Journal of
Parasitology and Vector Biology

  • Abbreviation: J. Parasitol. Vector Biol.
  • Language: English
  • ISSN: 2141-2510
  • DOI: 10.5897/JPVB
  • Start Year: 2009
  • Published Articles: 193

Review

Historic and current trends of human African trypanosomiasis in South Sudan

Yatta S. Lukou
  • Yatta S. Lukou
  • School of Natural Resources and Environmental Studies, University of Juba, P. O. Box 82, Juba, South Sudan.
  • Google Scholar
Erneo B. Ochi
  • Erneo B. Ochi
  • Saint Mary’s College of Rehabilitation, Juba, South Sudan.
  • Google Scholar


  •  Received: 27 April 2020
  •  Accepted: 07 July 2020
  •  Published: 31 August 2020

 ABSTRACT

Human African Trypanosomiasis (HAT) due to Trypanosoma brucei gambiense remains a major public health problem in South Sudan. It causes substantial socio-economic impacts on the livelihoods of poor rural inhabitants. This article throws lights on a review of historic and current trends for evolution of HAT in South Sudan. Data of HAT cases were obtained from several relevant sources including World Health Organization (WHO) disease reports as of 1956-2018. Hence, HAT episodes were divided into four historical periods: The First Civil War (1955-1972); the post-Addis Ababa Accord (1973-1982); the Second Civil War (1983-2004); and the post-Comprehensive Peace Agreement (CPA) as of 2005-2018. The highest HAT cases of 16,539 (52.3%) occurred during the Second Civil War, followed by 7,708(24.37%) in post Addis Ababa Accord; 5,164(16.33%) in post-CPA, and 2,215(7.0%) during the First Civil War totaling 31,626 cases. The lowest prevalence of HAT as of the 1950s through 1960s might be due to application of effective intervention and control measures. The highest prevalence rate during the Second Civil War could be ascribed to political upheavals, instability and civil unrest. Currently, no HAT cases were reported from Akobo and Pachalla foci in Jonglei State. All the historic foci of HAT in South Sudan are still active with exception of Raga in Western Bahr El-Ghazal State. Further studies on molecular parasitology and epidemiology are needed to re-establish the endemic status of Raga, Akobo and Pachalla HAT foci.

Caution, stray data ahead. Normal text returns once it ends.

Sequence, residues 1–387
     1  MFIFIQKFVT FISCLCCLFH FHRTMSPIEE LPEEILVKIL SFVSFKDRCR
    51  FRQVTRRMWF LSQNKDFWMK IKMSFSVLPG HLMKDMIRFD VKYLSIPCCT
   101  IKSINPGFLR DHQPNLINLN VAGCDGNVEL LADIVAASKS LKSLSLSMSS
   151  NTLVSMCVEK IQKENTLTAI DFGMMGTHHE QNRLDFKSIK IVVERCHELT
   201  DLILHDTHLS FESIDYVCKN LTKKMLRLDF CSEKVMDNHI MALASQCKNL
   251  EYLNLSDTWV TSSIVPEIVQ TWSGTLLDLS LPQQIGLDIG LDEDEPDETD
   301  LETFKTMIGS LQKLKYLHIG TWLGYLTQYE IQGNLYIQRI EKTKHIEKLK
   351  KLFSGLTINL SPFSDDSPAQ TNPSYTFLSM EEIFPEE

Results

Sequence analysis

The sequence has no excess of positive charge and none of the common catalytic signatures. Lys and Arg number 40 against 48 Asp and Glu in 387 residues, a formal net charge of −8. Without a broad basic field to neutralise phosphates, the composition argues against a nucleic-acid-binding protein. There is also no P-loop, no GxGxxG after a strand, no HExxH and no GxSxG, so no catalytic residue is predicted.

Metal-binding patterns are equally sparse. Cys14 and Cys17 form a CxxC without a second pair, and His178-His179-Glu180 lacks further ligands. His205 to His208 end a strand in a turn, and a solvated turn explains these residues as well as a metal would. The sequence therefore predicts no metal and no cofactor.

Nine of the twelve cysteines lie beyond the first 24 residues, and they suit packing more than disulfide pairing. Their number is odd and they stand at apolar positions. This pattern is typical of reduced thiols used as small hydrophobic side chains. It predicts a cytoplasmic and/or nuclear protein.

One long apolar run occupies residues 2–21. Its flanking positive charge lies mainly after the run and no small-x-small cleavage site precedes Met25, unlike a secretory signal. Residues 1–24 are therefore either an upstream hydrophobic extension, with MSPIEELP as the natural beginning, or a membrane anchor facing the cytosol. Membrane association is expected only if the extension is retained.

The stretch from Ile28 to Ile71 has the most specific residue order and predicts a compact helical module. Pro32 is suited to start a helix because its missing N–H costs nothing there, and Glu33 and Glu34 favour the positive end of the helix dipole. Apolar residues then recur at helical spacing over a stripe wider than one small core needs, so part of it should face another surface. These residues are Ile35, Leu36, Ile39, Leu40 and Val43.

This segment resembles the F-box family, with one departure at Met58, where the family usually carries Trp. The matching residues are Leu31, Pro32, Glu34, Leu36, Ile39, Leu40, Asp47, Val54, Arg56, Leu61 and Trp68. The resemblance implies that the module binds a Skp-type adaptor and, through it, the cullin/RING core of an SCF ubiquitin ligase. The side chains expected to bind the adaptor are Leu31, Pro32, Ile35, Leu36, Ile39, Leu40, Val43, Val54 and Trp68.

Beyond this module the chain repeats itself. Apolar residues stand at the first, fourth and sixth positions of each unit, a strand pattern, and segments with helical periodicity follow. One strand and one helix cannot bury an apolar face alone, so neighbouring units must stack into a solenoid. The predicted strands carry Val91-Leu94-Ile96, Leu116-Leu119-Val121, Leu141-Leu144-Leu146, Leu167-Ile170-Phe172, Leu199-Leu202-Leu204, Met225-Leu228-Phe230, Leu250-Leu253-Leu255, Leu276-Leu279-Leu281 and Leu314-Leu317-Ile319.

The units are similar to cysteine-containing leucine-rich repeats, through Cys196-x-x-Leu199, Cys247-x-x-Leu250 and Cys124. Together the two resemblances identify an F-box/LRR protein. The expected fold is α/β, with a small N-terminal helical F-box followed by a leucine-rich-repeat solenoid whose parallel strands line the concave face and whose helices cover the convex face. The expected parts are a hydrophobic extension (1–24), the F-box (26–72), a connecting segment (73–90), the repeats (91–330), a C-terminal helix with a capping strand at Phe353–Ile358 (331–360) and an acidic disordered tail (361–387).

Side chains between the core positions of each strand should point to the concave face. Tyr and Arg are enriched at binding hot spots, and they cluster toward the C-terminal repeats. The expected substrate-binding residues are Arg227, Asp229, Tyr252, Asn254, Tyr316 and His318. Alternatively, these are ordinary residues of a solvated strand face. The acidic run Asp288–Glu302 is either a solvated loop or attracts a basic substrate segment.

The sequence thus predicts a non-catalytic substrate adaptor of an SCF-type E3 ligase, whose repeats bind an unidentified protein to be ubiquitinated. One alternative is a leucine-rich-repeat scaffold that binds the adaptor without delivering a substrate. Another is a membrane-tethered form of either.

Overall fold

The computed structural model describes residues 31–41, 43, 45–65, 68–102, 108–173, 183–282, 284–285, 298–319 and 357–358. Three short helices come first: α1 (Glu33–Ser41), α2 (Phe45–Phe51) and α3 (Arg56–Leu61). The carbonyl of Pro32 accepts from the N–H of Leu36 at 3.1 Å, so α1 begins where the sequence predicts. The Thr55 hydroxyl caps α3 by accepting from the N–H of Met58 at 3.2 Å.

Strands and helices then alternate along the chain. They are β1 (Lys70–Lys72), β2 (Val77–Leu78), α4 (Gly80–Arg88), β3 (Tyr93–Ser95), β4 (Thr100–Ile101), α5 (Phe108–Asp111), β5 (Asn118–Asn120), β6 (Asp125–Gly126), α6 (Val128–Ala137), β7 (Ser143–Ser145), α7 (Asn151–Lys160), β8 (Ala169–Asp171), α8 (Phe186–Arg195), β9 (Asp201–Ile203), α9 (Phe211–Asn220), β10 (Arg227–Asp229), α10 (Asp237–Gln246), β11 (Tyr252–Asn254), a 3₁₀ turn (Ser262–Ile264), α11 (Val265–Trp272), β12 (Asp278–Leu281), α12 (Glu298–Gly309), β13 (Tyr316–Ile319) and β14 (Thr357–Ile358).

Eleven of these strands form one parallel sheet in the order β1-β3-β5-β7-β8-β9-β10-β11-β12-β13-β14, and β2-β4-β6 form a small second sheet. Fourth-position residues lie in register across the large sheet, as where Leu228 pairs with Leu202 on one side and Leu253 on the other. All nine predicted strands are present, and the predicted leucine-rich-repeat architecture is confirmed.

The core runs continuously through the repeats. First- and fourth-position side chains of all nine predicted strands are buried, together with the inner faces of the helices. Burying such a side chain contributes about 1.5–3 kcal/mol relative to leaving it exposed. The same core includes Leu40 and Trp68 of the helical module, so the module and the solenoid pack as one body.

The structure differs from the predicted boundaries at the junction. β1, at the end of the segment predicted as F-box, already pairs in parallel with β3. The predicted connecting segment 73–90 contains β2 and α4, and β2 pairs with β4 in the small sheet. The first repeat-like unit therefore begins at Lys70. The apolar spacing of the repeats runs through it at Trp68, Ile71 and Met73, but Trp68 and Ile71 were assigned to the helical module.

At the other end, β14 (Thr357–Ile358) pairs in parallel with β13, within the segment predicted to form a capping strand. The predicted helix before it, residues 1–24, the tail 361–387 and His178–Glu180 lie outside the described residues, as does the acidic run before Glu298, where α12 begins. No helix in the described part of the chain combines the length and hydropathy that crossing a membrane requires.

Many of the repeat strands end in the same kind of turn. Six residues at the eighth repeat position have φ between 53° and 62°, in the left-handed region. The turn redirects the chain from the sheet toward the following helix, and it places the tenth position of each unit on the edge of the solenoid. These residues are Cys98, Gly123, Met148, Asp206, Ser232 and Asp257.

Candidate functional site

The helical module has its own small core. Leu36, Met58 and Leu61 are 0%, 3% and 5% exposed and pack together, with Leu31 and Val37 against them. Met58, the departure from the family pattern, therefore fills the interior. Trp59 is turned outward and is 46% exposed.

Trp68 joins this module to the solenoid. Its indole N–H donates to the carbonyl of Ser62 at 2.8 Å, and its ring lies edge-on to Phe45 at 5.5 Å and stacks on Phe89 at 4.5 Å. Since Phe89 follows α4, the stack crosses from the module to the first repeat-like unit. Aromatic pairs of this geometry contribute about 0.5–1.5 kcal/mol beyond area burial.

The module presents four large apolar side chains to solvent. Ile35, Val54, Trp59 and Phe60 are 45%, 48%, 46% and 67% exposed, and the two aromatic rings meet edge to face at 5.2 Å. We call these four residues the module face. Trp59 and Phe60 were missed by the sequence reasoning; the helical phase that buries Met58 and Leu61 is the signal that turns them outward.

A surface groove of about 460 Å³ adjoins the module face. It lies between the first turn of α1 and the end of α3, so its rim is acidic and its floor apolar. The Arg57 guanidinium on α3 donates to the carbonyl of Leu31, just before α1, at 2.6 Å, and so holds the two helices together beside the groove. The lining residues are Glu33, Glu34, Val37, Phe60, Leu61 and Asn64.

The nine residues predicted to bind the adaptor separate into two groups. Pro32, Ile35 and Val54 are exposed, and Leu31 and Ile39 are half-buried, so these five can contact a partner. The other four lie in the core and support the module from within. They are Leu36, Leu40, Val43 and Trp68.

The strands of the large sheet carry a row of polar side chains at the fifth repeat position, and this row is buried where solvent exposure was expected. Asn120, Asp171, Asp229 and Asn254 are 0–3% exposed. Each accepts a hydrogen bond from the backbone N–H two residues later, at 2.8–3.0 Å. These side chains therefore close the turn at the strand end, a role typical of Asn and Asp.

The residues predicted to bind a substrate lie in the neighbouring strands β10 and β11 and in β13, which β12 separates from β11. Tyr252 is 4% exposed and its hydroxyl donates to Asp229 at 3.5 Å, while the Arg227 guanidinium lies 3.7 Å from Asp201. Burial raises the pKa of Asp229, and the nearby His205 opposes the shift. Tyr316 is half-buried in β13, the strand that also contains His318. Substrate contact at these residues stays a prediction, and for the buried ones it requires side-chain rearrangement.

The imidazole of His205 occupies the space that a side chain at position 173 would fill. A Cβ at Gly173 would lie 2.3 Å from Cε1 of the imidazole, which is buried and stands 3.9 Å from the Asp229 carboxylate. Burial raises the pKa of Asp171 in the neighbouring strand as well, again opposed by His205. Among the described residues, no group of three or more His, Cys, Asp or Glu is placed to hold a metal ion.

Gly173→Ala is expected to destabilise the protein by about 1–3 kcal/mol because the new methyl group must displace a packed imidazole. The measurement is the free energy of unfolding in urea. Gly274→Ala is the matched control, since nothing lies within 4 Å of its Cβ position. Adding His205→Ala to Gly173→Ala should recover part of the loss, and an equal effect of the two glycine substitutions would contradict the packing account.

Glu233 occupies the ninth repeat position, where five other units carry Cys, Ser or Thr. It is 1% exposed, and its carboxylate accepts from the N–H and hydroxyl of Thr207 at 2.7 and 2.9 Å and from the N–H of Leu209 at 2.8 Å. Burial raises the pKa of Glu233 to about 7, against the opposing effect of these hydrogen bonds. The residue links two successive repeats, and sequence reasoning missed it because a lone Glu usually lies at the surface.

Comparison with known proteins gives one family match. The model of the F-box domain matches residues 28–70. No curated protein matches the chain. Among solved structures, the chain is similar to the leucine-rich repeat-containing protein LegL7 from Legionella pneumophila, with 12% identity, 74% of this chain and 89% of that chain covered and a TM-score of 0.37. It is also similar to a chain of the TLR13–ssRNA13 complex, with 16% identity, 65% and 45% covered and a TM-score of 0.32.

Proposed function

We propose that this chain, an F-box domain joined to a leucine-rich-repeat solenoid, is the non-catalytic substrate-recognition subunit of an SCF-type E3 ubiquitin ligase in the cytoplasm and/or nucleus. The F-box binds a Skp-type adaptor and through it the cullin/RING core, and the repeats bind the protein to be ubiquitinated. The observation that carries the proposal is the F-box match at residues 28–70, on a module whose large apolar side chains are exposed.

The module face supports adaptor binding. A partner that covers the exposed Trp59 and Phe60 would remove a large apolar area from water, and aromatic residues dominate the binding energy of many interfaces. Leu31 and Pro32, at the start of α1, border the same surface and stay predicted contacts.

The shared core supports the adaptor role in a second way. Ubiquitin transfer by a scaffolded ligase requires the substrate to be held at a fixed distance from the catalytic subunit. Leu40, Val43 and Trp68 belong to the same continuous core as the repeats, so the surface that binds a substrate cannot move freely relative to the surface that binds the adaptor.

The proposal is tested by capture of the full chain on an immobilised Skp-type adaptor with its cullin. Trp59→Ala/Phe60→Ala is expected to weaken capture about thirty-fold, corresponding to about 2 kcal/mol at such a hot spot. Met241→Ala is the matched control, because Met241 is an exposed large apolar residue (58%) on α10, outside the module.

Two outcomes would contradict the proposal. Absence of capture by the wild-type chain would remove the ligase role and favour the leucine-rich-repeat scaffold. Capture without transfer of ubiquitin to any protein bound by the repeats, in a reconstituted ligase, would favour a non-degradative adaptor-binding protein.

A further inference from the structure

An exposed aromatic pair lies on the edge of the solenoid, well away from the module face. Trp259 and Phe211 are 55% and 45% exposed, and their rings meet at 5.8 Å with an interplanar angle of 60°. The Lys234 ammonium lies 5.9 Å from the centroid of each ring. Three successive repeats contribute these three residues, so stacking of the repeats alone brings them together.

Key words: Human African Trypanosomiasis (HAT), past history, new foci, current trends, South Sudan.

 


 INTRODUCTION

Human African Trypanosomiasis (HAT) or known as sleeping sickness is one of the neglected tsetse fly transmitted tropical diseases found in remote rural areas in Sub-Saharan Africa (Simarro et al., 2010). It is a deadly disease  with  fatality  rate  of  100%  in  untreated cases (WHO Fact Sheet No.259, 2012).

In 2000, WHO reported a total of 55 million people were at risk of the disease in 36 countries of sub-Saharan Africa with approximately 250 foci. However, only 3 to 4 million  people  were  exposed  to  surveillance  (Welburn  and Maudlin,1999). Moreover, WHO reported that the actual annual number of cases might be in the range of 300,000 to 500,000. The disease was estimated to cause a loss of 2.1 million disability-adjusted life years in 1999. WHO has prioritized the elimination or eradication of African trypanosomiasis by 2020. Introduction of strengthened control and surveillance activities over the past twenty years succeeded in progressively reducing disease transmission (Franco et al., 2020).

Novel initiatives to combat Animal African Trypanosomiasis (AAT) and HAT were formulated into the Programme against African Trypanosomosis (PAAT) and the Pan African Tsetse and Trypanosomiasis Eradication Campaign (PATTEC). Consequently, HAT cases have halved in less than a decade in areas where it is still a public problem (Franco et al., 2017). Progress made in the control of HAT in many endemic countries had led to a reduction in the number of cases to 10,000 in 2009 for the first time in 50 years. This trend has been sustained in 2010 with 7,139 new cases (WHO, Fact sheet No 259, 2012). As of 2010, incidences of HAT were reported to decline to over 500 new cases in the DRC per annum compared to Angola, CAR, Chad, South Sudan and Uganda with a range of 100 and 500 new cases per annum. Furthermore, other HAT affected countries were reported to have fewer than 100 new cases per annum. However, current estimates indicated an annual incidence of 50,000 to 70,000 cases (WHO, Factsheet No 259, 2012).

HAT due to Trypanosoma brucei gambiense poses an important public health problem in South Sudan. The first case of sleeping sickness due T. b. gambiense in South Sudan was reported in 1908. Over 3,000 cases were documented between 1920 and 1925 (Ruiz-Postigo et al., 2012).

In South Sudan, the disease is confined only in the three Greater Equatoria States bordering Uganda, DRC and CAR. This is mainly due to the presence of the efficient tsetse vector Glossina fuscipes fuscipes (Mohammed et al., 2008). Among many other factors, devastating civil wars together with population displacement, poor health facilities and insecurity situation have culminated in massive HAT resurgence in the Greater Equatoria States (Moore et al., 1999). HAT could be diagnosed by direct microscopy and serology, and the control strategy is mainly based on chemotherapy. Apart from Lateral Flow Test (Enyaru et al., 2014), Indirect Fluorescent Antibody Test (Bailey et al., 1967), Enzyme-linked Immuno- sorbent Assay (ELISA), Card Agglutination Trypanosomes Test (CATT) and HAT rapid diagnostic tests (RDTs) have been employed for detection of trypanosomosis (Ruiz-Postigo et al., 2012; Sumbria et al., 2017).